For all Boris Johnson’s habitually coy language about his leadership ambitions, one thing is abundantly clear: he only withdraws from a political race if he thinks he cannot win it. And so it was on Sunday night.
The former prime minister’s statement confirming his decision to not stand was a classic of this Johnson genre: equal parts bullish insistence about his own ability to triumph, and a pretend modesty that he is choosing another path for the sake of unity.
In reality many observers – and many Conservative MPs – remain deeply dubious about Johnson’s claim that he had secured the support of 102 parliamentary colleagues, given that fewer than half this number had said so publicly.
There will be similar scepticism about Johnson’s insistence that, once on the ballot, he would most likely triumph in a vote of party members, and then stand a good chance of winning the next general election.
The first of those was not impossible, especially as Rishi Sunak, by now an apparent near-certainty to become the next prime minister, remains far from hugely popular with Tory members, some of whom blame him for precipitating Johnson’s downfall in July by resigning as chancellor.
But probably the very best outcome Johnson could have hoped for would be to emerge as the leader of a party where about two-third of its MPs think he is unfit for office, some even threatening to defect or resign if he took over again.
Far more humiliating would be to not make the 100-nomination threshold. Those who know Johnson portray him as a politician who, even by the standards of the trade, lives on adulation and approval. If he cannot feel wanted he would rather not be involved.
So it was in 2016, fresh from being hailed by Brexiters as the defining reason for the Vote Leave victory, with Johnson billed as one of the frontrunners to succeed David Cameron.
That time events were even more dramatic, but followed a similar narrative. Just before Johnson was due to formally declare, Michael Gove, his ally and Vote Leave partner, announced he believed Johnson was unsuited to the job and that he would stand instead. Johnson, his hopes badly damaged, gave up.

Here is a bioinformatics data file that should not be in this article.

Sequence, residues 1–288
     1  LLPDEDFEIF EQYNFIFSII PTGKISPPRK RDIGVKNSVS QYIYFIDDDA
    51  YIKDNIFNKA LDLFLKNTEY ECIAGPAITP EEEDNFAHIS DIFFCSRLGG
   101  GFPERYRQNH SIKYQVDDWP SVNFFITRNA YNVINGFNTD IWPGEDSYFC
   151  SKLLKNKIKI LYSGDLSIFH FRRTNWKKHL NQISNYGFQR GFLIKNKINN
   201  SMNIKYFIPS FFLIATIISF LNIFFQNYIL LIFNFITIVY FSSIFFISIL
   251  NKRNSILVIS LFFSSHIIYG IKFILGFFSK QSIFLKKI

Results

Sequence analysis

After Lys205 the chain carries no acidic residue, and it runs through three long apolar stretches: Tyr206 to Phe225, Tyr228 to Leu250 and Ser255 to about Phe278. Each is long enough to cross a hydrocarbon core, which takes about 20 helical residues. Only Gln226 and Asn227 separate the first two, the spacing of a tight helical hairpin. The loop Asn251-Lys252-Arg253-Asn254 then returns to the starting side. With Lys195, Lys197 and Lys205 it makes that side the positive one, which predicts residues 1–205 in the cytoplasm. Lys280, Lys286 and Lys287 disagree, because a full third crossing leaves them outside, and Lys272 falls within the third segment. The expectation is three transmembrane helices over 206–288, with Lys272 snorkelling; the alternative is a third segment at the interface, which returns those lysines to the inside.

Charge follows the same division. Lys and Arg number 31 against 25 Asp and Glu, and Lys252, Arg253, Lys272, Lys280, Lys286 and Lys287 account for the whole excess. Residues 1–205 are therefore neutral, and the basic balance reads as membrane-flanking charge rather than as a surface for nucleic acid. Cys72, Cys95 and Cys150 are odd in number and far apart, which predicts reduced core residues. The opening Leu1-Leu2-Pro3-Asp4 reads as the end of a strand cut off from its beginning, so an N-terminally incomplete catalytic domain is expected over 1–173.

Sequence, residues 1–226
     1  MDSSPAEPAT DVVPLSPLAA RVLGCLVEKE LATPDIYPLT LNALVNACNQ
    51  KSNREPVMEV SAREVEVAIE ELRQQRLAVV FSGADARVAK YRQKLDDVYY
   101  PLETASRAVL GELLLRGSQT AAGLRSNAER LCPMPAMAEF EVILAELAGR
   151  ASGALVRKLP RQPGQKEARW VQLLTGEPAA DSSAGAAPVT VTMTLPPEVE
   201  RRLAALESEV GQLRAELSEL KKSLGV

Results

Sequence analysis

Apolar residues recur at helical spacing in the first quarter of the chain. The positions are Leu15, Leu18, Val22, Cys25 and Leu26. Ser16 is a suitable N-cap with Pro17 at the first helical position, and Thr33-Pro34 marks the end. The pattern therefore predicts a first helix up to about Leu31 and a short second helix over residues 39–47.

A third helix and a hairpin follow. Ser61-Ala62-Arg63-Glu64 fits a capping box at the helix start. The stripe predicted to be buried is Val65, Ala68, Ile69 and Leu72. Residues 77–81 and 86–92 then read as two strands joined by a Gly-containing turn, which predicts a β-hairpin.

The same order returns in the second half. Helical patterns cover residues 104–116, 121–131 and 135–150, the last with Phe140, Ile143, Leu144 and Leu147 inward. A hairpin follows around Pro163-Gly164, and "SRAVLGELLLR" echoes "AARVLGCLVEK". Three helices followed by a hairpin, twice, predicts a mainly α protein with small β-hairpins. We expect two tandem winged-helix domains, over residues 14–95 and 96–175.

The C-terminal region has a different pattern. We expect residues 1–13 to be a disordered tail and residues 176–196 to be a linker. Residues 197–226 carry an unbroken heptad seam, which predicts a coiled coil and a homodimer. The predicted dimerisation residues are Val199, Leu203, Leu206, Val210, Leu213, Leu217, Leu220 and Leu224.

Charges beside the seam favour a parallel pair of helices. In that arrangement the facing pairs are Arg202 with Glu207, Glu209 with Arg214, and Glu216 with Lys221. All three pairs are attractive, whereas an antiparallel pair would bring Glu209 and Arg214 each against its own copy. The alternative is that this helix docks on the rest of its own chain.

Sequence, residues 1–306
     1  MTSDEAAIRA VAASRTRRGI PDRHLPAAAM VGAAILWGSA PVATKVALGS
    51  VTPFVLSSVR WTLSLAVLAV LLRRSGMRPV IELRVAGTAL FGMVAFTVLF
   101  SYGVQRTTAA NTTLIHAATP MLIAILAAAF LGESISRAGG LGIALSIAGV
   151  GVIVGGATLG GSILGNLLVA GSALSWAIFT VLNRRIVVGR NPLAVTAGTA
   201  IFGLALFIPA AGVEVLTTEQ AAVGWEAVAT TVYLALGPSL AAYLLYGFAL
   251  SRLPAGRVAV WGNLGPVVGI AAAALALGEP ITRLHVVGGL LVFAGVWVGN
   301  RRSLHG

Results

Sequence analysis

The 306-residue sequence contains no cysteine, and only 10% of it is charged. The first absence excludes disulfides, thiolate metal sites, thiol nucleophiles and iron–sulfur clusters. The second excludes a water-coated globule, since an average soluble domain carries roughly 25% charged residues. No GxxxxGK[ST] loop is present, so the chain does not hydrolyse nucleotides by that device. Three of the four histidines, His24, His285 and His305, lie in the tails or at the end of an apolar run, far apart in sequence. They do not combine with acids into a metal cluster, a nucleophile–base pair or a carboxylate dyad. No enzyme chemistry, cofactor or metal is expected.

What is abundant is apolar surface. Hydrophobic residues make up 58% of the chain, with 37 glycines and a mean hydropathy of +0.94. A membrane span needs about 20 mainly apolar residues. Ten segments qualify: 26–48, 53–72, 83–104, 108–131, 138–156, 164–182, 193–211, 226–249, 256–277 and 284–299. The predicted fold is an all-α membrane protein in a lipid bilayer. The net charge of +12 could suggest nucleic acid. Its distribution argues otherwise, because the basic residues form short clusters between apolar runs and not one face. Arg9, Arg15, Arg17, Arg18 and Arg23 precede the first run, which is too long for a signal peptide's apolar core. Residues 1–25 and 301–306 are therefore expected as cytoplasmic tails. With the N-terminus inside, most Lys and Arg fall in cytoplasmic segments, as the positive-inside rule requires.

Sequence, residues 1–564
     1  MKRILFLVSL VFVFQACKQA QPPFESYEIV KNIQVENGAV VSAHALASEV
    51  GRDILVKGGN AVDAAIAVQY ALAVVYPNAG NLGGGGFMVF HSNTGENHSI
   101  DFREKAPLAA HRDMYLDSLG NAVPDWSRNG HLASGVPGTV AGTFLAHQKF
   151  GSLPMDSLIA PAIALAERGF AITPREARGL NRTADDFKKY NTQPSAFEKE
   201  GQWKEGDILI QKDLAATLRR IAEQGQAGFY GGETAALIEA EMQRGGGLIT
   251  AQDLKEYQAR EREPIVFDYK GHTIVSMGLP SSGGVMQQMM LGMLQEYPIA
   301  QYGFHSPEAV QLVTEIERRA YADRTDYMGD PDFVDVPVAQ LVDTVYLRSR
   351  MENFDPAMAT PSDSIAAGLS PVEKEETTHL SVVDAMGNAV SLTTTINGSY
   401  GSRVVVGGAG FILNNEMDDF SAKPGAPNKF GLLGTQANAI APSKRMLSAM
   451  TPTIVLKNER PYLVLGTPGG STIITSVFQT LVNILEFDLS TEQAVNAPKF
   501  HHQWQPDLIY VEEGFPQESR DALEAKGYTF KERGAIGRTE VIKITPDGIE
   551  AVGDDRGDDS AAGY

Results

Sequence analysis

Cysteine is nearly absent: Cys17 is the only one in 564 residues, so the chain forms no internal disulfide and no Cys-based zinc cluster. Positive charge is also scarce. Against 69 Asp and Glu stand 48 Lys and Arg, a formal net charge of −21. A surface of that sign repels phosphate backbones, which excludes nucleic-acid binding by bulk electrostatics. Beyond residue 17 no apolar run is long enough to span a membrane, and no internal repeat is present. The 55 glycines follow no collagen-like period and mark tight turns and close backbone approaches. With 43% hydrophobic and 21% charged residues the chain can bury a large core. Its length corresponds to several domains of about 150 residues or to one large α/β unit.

On Sunday, Johnson followed his prediction that he could win the race if he chose to by adding: “But in the course of the last days I have sadly come to the conclusion that this would simply not be the right thing to do.”
Much like the supposed 102 backers, many Tory MPs or others who have closely observed Johnson will greet that sentence with something of a hollow laugh.
Johnson would like the world to believe he is withdrawing for the sake of party unity, or the national good. But if he genuinely cherished those things he would not have launched a new bid to become PM little more than three months after he was forced out by more than 50 ministerial resignations, and with the threat of an official inquiry into whether he misled parliament hanging above his head.
Perhaps the one part of Johnson’s statement that is sincere, if not necessarily accurate, is when he states: “I believe I have much to offer but I am afraid that this is simply not the right time.”
Johnson very much does believe he was unfairly forced out and should be granted another go. He also perhaps believes that in political times as fevered as this he could yet make a comeback.
But while definitive predictions are perilous, this does seem self-comforting, even delusional. Johnson returned from yet another holiday during the parliamentary session to be greeted by some former acolytes sycophantically greeting him on social media as “boss”.
But there were not many. Among Sunak’s 140-plus confirmed backers were the likes of Suella Braverman, Kemi Badenoch and Steve Baker, from the previously Johnsonite right of the party.
Even if he does not fully realise it yet, Johnson is now the Conservative party’s yesterday man. To borrow Cameron’s damning putdown of Tony Blair: he was the future once.